Like people everywhere, the Croatian public back home follows events in the United States, because what happens here is of “immense importance… not just for U.S. citizens, but for everyone else,” Šimunović said. “We have seen trends of democracy being undermined, limited or compromised in many parts of the world. There are a lot of people around the world who look to the United States for examples to follow,” and the Capitol Hill attack was a wakeup call, he noted.
The mob’s actions on January 6 sent shockwaves in many countries, but ultimately people were impressed that the U.S. democratic institutions prevailed, diplomats said. Some thought that such events were “only possible in Latin America or the Middle East,” said the senior South American diplomat. “Seeing that gives you a sense that everything is possible. But American democracy is still respected.”
After President Biden took office, global attitudes toward the United States improved significantly, following four years of low approval ratings, according to a Pew Research Center survey conducted months before the final withdrawal from Afghanistan began. Some of the day-to-day diplomacy has been affected positively as well, with better high-level access to the administration and closer policy positions on key global issues, diplomats said.
Although they had access to mid-level career staff during the Trump years, morale among those officials is now much higher, the South American diplomat said. “I see a lot of very happy mid-level staff at the State Department and the National Security Council,” and “very good coordination between” the two, she added. That said, when it comes to Latin America, the region “is not a priority for either administration, unless there is a crisis” she noted, though Biden’s “focus on the root causes of migration” is a positive sign.
Diana Tan, spokesperson for the Embassy of Canada, said “it was very clear early on that the Biden administration was prioritizing its relationship with Canada. Beginning on Inauguration Day, the embassy began receiving calls from senior members of the administration seeking to establish contact with Ambassador Kirsten Hillman, Canadian ministers and other senior officials. It marked a strong, substantive start to the relationship,” Tan said. She added that the embassy’s interactions are “not just limited to the White House and the State Department” and include various agencies, such as the Departments of Homeland Security and the Interior.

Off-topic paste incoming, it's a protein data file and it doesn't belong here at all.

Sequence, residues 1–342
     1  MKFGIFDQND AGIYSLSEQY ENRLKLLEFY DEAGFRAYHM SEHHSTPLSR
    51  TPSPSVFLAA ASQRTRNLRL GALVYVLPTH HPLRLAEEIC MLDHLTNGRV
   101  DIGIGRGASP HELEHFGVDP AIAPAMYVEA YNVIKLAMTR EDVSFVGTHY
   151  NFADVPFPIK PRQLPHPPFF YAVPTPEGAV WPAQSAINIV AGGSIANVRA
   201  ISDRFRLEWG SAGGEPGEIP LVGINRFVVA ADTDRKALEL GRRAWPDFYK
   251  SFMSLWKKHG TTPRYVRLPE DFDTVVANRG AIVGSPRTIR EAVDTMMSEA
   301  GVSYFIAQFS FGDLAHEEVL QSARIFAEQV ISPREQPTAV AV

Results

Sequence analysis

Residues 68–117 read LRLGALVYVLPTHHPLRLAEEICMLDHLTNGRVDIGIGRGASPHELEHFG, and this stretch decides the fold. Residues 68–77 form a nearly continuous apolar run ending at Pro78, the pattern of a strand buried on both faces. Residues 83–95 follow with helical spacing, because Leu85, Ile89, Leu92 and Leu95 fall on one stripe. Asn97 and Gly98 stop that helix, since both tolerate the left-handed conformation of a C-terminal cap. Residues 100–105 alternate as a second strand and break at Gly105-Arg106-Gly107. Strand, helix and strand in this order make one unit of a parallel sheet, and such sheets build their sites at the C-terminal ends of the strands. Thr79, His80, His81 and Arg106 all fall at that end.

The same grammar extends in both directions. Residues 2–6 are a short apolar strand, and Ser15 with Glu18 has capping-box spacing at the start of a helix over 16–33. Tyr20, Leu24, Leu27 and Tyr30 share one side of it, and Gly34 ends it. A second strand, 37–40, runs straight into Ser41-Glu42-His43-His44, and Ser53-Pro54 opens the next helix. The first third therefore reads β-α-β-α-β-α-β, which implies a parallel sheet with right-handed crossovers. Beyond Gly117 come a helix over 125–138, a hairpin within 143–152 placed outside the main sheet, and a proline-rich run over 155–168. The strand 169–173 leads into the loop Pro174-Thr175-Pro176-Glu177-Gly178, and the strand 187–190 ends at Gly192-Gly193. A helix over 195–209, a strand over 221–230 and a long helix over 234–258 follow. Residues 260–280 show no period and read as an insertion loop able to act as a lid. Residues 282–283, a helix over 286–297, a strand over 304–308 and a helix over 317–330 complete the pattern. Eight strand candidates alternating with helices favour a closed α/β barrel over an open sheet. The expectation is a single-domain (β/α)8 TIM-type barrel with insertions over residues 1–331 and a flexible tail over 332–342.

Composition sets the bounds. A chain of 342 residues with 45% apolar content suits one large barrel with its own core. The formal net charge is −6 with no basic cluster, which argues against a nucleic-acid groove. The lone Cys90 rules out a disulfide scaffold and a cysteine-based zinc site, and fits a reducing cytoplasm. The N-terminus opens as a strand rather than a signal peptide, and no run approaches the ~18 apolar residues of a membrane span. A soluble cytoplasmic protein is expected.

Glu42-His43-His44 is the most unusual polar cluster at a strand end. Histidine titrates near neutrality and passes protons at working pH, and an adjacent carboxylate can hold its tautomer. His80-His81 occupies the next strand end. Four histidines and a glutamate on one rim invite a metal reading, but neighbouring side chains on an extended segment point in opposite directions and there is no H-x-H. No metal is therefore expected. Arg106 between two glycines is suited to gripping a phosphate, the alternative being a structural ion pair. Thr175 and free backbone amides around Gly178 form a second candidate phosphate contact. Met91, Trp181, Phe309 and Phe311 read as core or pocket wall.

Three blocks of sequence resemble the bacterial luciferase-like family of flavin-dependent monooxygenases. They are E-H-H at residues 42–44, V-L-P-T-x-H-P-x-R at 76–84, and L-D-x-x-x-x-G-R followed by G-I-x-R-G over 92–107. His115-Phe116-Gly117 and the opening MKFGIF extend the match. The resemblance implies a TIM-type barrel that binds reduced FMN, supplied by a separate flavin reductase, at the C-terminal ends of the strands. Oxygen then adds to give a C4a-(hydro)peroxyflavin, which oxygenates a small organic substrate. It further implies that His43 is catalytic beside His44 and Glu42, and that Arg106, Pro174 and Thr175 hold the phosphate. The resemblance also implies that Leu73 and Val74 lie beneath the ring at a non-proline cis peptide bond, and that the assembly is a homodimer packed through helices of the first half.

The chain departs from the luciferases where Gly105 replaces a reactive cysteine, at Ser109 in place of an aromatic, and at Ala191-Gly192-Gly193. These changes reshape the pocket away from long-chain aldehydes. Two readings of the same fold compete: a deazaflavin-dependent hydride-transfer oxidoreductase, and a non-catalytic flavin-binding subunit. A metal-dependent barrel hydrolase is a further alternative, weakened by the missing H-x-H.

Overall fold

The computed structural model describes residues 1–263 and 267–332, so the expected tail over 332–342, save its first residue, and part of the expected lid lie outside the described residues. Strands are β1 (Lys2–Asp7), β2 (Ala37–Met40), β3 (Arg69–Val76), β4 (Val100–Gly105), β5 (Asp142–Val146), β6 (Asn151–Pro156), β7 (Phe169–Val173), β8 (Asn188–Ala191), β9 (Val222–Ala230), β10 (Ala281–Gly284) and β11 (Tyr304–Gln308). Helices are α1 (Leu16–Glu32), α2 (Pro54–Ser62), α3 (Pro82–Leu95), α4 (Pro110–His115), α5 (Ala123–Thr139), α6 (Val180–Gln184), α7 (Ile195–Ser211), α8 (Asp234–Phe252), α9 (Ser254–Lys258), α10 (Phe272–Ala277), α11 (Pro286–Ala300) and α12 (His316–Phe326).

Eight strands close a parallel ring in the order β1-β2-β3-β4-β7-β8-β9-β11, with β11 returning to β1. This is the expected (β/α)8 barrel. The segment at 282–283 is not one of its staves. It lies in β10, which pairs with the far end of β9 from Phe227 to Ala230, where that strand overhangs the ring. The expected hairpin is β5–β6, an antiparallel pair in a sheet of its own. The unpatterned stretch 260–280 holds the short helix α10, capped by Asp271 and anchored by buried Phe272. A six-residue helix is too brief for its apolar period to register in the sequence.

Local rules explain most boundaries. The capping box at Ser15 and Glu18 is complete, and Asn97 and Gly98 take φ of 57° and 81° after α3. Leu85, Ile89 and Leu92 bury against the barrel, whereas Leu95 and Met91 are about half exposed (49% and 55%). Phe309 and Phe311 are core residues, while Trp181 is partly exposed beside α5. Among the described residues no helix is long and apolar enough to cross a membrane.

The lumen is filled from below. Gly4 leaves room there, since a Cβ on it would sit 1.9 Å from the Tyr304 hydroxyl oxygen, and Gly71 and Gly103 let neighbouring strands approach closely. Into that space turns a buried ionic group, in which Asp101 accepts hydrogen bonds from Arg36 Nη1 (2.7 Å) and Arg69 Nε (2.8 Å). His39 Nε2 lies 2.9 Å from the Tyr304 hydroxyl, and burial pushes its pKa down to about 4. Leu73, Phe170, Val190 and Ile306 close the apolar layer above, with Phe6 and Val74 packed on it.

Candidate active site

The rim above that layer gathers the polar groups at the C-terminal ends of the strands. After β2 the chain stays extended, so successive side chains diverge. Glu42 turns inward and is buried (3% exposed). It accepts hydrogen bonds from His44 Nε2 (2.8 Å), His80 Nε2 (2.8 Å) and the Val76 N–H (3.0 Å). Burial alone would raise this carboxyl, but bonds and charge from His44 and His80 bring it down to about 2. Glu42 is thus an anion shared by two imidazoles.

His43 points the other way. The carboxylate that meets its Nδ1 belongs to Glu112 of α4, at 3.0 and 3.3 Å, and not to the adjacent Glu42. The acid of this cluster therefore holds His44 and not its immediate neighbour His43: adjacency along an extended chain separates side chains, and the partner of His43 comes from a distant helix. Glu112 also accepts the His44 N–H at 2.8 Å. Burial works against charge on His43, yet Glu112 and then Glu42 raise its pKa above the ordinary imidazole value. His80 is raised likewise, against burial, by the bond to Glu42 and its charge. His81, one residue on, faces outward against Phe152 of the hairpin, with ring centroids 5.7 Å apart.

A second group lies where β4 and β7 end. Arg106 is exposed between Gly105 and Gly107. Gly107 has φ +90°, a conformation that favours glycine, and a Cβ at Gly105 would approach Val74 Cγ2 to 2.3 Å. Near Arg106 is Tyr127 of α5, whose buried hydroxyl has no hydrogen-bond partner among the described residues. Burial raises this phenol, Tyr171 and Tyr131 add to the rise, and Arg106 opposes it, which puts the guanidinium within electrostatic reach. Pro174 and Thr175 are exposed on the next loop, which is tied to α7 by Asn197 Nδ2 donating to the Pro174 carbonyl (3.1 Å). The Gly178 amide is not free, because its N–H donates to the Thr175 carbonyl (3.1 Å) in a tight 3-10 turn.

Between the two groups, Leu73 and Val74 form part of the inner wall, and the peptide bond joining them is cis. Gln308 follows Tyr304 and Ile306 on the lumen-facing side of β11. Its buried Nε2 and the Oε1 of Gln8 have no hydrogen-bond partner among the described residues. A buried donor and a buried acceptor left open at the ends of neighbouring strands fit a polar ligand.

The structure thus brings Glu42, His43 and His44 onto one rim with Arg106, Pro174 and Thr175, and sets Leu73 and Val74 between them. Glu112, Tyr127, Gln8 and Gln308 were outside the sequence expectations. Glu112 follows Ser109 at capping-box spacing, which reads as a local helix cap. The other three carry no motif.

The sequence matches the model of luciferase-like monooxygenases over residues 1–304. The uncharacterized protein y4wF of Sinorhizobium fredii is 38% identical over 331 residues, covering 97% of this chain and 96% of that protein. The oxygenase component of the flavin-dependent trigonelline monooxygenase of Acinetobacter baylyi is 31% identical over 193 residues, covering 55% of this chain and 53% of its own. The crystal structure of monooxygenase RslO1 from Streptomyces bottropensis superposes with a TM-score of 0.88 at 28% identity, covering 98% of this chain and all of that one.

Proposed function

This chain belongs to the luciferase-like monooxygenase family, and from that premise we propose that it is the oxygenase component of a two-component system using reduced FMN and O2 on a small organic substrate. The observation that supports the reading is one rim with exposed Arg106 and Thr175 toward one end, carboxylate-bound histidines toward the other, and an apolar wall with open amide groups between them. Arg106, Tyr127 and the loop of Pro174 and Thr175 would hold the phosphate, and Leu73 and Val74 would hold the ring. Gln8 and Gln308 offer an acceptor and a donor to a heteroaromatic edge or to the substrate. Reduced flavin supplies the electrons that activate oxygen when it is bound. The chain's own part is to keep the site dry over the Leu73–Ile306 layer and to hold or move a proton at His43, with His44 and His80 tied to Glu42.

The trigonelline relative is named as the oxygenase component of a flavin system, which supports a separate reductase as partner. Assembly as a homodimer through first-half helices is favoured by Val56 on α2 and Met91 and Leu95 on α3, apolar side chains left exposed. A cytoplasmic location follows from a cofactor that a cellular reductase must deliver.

Biden’s first meeting with Canadian Prime Minister Justin Trudeau yielded “an ambitious roadmap for our partnership, which outlines a number of concrete actions for Canada and the United States in the coming years,” including on the pandemic and defense, Tan said.
Valdet Sadiku, chargé d’affaires at the Embassy of Kosovo, said that his young country, over which the United States and NATO fought a war with Serbia in 1999, is “blessed with support from both Democrats and Republicans” and has a positive relationship with Washington under any administration. The diplomat from southern Africa also said that the United States has assisted his country through crises, such as the AIDS epidemic, under presidents from both parties.
Still, diplomats acknowledged that Trump’s worldview diverged from the collaborative internationalist approach to global affairs they espouse. The most prominent and frequent example of a Biden policy they welcomed was the response to climate change. “It was frustrating with the previous administration,” which “was denying climate change,” the South American diplomat said. Now “it’s a topic present in every single conversation,” she noted.
“On very important topics for us Europeans, like climate change and a multilateral approach to global issues,” the Biden administration has taken “concrete steps,” Šimunović said. “That is more in line with how we see the world.”